To hold itself together, U.S.S.R. weighs a new name Suggestions show debate on future

September 26, 1990|By Scott Shane | Scott Shane,Moscow Bureau of The Sun

MOSCOW -- Will the U.S.S.R. become the U.S.S.S.? Or perhaps the U.E.A.R.?

The reformist trend to rename ships, streets and cities yesterday reached the whole of the disillusioned, disintegrating Soviet empire as a number of proposals were floated for new names for the Union of Soviet Socialist Republics.

Three names were mentioned at a session of parliament that saw contentious debate over plans for a union treaty to define a new alliance. Rafik N. Nishanov, deputy chairman of the Supreme Soviet, listed the proposals, likely the first of many:

* Union of Sovereign Socialist States. This is President Mikhail S. Gorbachev's candidate. It promotes the feisty republics to sovereign states while hanging onto "Socialist," a necessity for the man who still heads the Communist Party.

* Union of Soviet Sovereign Republics. The idea of a group of deputies from Kazakhstan, the name recognizes the fast fading of the people's allegiance to socialism. But it holds on to "Soviet," the term for the local governing councils and parliaments that were long rubber-stamp bodies but have made a big comeback since the first contested elections last year.

* Union of Euro-Asian Republics. From a group of radical deputies, this name is a variation on a name proposed a year ago by the human rights activist Andrei D. Sakharov.

Starting in 1987, Soviet places and objects renamed for the increasingly discredited former leaders Leonid I. Brezhnev and Konstantin U. Chernenko began to return to their old names. The city of Brezhnev once again was called Naberezhnye Chelny; the town of Chernenko got back its old name, Sharypovo.

Next, with the intensive discussion of the Stalinist terror came another wave of renamings. Shamed Soviet officials, for instance, took the name of the Stalinist ideologist Andrei HD off a Moscow district and metro stop and Leningrad State University.

In the republics, nationalism caught up with the "internationalist" tradition of naming the main street and main square in every republican capital for V. I. Lenin. From Vilnius, Lithuania, to Tbilisi, Georgia, local heroes displaced Lenin on street signs.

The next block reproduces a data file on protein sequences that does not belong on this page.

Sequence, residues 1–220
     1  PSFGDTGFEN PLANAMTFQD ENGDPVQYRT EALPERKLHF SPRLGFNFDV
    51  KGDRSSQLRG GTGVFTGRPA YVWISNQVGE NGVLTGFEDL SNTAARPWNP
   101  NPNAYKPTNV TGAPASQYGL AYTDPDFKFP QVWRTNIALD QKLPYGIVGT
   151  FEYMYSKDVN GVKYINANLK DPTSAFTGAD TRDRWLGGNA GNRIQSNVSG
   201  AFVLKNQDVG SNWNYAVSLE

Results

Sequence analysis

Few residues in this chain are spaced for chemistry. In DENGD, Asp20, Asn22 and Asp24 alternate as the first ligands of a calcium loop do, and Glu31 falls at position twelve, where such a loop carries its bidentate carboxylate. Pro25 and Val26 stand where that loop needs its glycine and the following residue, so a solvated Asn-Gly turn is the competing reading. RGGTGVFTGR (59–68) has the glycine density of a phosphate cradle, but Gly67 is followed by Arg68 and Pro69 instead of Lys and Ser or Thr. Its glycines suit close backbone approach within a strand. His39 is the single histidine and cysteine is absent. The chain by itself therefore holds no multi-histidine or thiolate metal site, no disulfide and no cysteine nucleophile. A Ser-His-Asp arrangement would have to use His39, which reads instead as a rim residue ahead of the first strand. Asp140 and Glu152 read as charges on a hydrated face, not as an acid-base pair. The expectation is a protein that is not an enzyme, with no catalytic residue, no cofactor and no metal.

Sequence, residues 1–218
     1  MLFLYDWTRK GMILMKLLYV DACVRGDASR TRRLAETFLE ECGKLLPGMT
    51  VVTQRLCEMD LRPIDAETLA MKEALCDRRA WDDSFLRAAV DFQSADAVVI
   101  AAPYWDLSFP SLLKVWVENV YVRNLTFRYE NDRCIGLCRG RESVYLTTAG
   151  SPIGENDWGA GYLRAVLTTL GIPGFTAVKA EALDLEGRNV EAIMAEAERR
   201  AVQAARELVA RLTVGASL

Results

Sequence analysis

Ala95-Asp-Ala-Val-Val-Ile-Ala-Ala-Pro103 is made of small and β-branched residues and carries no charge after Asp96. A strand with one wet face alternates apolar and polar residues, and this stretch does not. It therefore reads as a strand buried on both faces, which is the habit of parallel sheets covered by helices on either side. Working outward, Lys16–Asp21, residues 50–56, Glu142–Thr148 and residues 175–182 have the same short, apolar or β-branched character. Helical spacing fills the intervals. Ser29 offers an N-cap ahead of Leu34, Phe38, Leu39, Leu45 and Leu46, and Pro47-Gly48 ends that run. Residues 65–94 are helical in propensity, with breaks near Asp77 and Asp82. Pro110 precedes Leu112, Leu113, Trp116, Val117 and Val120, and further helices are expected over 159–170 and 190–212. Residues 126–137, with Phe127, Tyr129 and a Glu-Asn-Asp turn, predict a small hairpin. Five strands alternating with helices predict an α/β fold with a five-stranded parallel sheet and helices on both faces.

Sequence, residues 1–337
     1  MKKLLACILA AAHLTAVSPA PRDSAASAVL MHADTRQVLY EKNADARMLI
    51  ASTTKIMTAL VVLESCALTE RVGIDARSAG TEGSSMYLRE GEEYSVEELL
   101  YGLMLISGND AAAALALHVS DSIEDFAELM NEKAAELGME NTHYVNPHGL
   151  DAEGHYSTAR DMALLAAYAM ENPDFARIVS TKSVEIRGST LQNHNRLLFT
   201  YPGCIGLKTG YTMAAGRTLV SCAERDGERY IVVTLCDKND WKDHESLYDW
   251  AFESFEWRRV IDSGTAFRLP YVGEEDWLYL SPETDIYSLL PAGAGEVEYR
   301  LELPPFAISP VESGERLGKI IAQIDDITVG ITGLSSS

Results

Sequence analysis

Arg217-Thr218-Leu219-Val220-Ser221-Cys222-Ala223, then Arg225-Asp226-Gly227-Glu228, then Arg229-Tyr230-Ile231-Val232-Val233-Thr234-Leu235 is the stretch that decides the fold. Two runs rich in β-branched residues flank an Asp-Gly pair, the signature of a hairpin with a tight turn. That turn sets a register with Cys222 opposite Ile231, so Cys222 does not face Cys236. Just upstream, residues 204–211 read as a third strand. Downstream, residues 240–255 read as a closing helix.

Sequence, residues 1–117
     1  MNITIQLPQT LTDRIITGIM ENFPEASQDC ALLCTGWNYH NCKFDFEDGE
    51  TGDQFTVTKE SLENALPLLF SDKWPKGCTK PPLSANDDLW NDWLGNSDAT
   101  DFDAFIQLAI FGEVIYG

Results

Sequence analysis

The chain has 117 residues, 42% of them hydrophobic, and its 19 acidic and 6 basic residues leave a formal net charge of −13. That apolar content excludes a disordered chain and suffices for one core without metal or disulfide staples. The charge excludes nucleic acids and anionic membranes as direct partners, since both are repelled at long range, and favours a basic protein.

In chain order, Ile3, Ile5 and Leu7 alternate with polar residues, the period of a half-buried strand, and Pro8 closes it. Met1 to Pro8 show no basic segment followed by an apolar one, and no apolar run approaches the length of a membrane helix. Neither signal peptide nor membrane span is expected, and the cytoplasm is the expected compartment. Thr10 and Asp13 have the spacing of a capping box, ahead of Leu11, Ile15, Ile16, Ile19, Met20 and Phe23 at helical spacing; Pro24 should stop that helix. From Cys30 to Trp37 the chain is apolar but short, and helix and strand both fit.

Finally, in recent months, a less ideological, more nostalgic trend joined in. The city of Kalinin took its old name of Tver. Gorky went back to the name Nizhny Novgorod. And Moscow's main drag, Gorky Street, became Tverskaya Street.

The three names mentioned yesterday were optimistic in assuming that a substantial union can still be preserved by the negotiations. Some deputies suggested that the nature and name of the union should be decided by a national referendum.

So far, the three Baltic republics, Estonia, Latvia and Lithuania, are boycotting union treaty negotiations and insisting on full independence. Nationalists in several other of the 15 Soviet republics, notably the Ukraine and Moldava, are fiercely opposed to signing any union treaty.

A fourth proposed name discussed yesterday came from someone who believes the empire cannot hold together: the exiled writer Alexander I. Solzhenitsyn. In a 16-page manifesto published last week in two official newspapers, Mr. Solzhenitsyn proposed a smaller union of the Slavic republics of Russia, the Ukraine and Byelorussia and part of Kazakhstan. His controversial name: the Russian Union.

The perceived Russian chauvinism behind Mr. Solzhenitsyn's plan came in for severe criticism yesterday during an extensive discussion of his article, his first publication on contemporary politics in the Soviet press in a quarter-century.

In a scene unimaginable not long ago, President Gorbachev seriously and at length debated the absent Mr. Solzhenitsyn, calling him "undoubtedly a great man" but rejecting his vision for Russia. Mr. Gorbachev's polemic at the parliamentary session was shown on national television last night.

Mr. Gorbachev said he had read the Solzhenitsyn article twice and said it deserved "serious analysis."

"As a Russian, I fully grasped the pain and alarm for the fate of the Russian people, for the fate of Russia," Mr. Gorbachev said. "But at the same time, as a Russian I resolutely cannot agree with Alexander Isayevich's position in relation to other peoples. In the most mild evaluation, this is a disrespectful position."

Mr. Gorbachev accused Mr. Solzhenitsyn of having political views that are "all in the past, the past Russia, the czarist monarchy."

"For me, this is unacceptable," he said.

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